When Christians, for example, start taking seriously and putting into practice Jesus’ requirement about love of enemies, they will widely be accused of having left religion behind and become politicians, but fuzzy-headed politicians “out of touch with the real world.”
Despite the travel revolution that has happened in this century, allowing contact across borders of a kind no internationalist of earlier times could imagine, this is still an age of nationalism and regionalisms. But the pilgrimage tradition has always been international. Pilgrim routes had no regard for borders. The pilgrimage tradition helped restrain and break down the nationalist mentality. The pilgrim’s encounters along the way, the pilgrim’s dependence on voluntary help and hospitality from strangers, allowed a far more intimate and intense experience of other peoples and cultures than most jet-carried tourists experience today.
Pilgrimage is not only an event but a way of life, a way of life which is God-centered and which draws special attention to the power of God, the God who ordered us not to kill, and who replaces dread with thankfulness: “and trowth thee shal delivere, it is no drede.”
This is a pilgrimage of disarmed life and it carries with it a very specific invitation, a brief text which we have made our own and to which we invite others. We say we are ready to live without the protection of armaments. The statement is not made possible because of naiveté. Evil is doing well, hideously well, in the world. We say it because we know that dreadful weapons will eventually be put to dreadful uses, and that it is neither capitalism nor communism which is destroyed but hundreds of millions of ordinary people. Our own weapons have become more dangerous to us than any opposing system or human enemy.
We are also pilgrims because we see not only what is wrong but what would work better. We have found in nonviolence another way of opposing injustice and defending human values. Should we ever have the Russians to contend with—in fact a most unlikely event—we would far rather arm ourselves against them with the nonviolent methods the Polish people have taken up than with the incinerating methods of nuclear war.
An essay that was included in Delivered Into Resistance, an 80-page booklet published in April 1969 by the Catonsville Nine-Milwaukee Fourteen Defense Committee.
by Jim Forest
To be born to create, to love, to win at games is to be born to live in time of peace. But war teaches us to lose everything and become what we are not. It all becomes a question of style. — Albert Camus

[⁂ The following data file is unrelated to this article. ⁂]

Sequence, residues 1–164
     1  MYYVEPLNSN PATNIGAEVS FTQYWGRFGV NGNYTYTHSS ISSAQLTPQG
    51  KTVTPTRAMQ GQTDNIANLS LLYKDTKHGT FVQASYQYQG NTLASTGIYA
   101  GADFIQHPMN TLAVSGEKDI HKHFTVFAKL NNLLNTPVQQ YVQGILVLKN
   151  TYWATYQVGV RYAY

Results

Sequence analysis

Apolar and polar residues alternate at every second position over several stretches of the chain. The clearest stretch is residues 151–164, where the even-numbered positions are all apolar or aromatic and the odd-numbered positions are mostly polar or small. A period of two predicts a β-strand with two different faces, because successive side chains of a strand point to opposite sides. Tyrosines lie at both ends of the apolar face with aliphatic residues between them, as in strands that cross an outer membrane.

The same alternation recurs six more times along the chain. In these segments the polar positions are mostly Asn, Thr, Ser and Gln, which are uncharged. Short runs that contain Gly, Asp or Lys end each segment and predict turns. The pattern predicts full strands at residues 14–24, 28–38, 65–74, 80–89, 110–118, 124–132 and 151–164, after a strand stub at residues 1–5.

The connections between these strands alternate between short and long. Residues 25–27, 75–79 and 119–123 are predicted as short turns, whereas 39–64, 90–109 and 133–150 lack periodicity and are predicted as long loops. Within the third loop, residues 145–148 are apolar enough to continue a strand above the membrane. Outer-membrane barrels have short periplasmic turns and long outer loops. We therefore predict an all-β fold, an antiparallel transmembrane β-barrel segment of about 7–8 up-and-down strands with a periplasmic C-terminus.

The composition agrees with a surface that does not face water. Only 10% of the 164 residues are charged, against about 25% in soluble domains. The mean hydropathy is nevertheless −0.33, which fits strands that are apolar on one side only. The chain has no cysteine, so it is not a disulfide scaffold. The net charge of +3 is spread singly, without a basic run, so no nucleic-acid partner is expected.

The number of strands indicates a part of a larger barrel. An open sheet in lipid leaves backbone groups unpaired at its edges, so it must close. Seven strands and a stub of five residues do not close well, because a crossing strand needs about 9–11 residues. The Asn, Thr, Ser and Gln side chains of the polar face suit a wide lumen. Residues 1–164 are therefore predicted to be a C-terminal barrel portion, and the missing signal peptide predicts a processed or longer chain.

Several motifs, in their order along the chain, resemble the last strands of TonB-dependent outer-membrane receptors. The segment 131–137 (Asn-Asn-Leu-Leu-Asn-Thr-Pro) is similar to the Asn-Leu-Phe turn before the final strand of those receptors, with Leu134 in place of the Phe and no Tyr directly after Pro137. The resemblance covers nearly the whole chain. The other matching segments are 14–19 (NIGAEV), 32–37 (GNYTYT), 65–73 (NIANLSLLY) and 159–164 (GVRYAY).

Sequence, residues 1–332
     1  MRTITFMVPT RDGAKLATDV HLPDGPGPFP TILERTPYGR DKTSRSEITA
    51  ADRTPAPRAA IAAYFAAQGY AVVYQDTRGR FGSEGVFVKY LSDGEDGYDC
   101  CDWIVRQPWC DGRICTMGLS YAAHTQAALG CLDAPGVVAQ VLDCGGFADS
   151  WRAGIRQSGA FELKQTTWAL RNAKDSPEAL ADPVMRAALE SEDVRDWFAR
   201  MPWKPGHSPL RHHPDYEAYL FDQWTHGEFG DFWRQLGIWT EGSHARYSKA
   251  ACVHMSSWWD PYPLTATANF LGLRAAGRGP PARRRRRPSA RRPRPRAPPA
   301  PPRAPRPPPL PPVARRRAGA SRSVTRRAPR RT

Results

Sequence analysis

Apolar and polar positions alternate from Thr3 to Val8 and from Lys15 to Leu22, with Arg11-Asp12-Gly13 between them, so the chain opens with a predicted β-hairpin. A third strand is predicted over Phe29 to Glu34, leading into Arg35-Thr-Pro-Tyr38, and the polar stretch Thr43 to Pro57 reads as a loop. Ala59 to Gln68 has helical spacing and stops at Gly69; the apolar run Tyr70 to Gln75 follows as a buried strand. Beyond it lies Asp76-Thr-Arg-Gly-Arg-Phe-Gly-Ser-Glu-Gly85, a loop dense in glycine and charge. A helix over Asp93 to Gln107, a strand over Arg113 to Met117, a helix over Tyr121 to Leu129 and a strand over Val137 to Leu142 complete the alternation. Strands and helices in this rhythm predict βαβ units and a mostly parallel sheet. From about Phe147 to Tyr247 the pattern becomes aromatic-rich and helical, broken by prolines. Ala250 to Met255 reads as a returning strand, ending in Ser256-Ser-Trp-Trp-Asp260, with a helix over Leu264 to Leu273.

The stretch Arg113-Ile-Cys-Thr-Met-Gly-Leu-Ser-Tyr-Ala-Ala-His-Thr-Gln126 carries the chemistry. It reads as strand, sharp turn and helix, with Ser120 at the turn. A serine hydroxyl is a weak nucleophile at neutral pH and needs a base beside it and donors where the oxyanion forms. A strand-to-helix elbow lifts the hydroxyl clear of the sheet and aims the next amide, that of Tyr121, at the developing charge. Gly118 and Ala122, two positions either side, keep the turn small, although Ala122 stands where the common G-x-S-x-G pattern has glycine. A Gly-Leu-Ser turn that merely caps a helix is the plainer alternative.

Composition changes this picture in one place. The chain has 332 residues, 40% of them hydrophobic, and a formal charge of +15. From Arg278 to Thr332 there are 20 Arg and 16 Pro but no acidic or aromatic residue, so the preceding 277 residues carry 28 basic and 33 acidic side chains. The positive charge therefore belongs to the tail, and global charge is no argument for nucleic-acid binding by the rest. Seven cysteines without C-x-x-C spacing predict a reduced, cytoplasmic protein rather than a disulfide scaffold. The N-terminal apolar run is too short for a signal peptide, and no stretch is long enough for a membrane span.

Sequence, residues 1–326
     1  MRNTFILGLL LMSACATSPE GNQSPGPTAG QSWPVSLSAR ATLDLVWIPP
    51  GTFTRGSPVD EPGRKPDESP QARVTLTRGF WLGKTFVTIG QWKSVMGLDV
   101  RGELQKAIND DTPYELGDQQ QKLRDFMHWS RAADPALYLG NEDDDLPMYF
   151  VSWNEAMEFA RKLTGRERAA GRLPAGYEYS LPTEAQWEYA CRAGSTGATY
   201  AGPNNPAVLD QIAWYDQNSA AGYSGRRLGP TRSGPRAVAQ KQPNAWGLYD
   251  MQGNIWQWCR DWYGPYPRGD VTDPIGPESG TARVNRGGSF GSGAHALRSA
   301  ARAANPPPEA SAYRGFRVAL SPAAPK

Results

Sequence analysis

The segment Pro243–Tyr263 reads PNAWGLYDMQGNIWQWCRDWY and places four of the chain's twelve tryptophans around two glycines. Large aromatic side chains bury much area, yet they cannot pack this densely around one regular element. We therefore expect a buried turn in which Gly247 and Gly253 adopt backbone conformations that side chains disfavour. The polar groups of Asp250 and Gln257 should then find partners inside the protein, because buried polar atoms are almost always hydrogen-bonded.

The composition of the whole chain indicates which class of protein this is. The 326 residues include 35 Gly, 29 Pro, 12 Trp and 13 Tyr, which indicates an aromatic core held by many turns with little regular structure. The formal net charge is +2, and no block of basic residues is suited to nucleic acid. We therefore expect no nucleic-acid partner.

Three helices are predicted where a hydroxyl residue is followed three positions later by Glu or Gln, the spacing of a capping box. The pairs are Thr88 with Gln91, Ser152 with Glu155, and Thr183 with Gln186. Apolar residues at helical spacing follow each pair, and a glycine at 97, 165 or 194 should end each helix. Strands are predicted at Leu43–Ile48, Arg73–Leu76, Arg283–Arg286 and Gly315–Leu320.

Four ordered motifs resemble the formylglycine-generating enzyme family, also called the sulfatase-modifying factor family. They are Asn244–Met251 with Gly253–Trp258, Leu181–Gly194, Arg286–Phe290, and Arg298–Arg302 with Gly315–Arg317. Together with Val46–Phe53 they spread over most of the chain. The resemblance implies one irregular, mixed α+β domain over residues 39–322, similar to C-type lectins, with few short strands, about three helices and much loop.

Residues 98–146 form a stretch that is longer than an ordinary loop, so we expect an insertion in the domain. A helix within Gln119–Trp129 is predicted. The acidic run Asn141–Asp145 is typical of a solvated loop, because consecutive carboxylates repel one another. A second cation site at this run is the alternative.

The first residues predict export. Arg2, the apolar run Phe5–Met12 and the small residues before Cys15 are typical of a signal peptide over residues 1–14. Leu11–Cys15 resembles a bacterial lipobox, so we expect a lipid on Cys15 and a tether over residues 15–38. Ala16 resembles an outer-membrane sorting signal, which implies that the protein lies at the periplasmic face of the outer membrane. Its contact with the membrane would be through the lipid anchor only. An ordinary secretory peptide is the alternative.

At most times and places in history, Camus’ observation would seem as newsworthy as announcing fire burns! But for Americans in 1968, especially those Americans for whom welfare is a tax irritant rather than food on the table, it is by no means a foregone conclusion that war need change anything or that old priorities need be stirred or shifted. Indeed, were visitors from some distant planet to descend upon almost any American community or campus, it is unlikely they would stumble upon evidence suggesting that America is in the midst of its longest, most costly and least popular war, or that there is resistance to it. The “good life” lunges forward. The refrigerators are crammed. Marlboro country is bigger than ever.
Our only rub has been the draft. But even there, for those not exempted by reason of sex or age or disability, there remain a variety of government-approved alternatives — legal dodges ranging from academic and certain vocational pursuits to alternative service for conscientious objectors. Beyond the pale of legitimacy, but enjoying various shades of toleration, are a number of other dodges which, from the government’s point of view, have the altogether salutary effect of reducing the number of head-on collisions with the American coercive process. The government has done all but roll out a red carpet for those taking their quarrelsome opinions to Canada (15,000 by count of the Southern Ontario Commission on War Immigrants, plus a good many friends, wives and relatives). And for those determined enough to enter induction centers singing Alice’s Restaurant or handing out valentine cards, the resultant 1-Ys and 4-Fs are not so much big favors to the individuals involved as acts of mercy to the sergeants and petty officers who will shortly be attempting to take charge of all those who take the obedient step forward.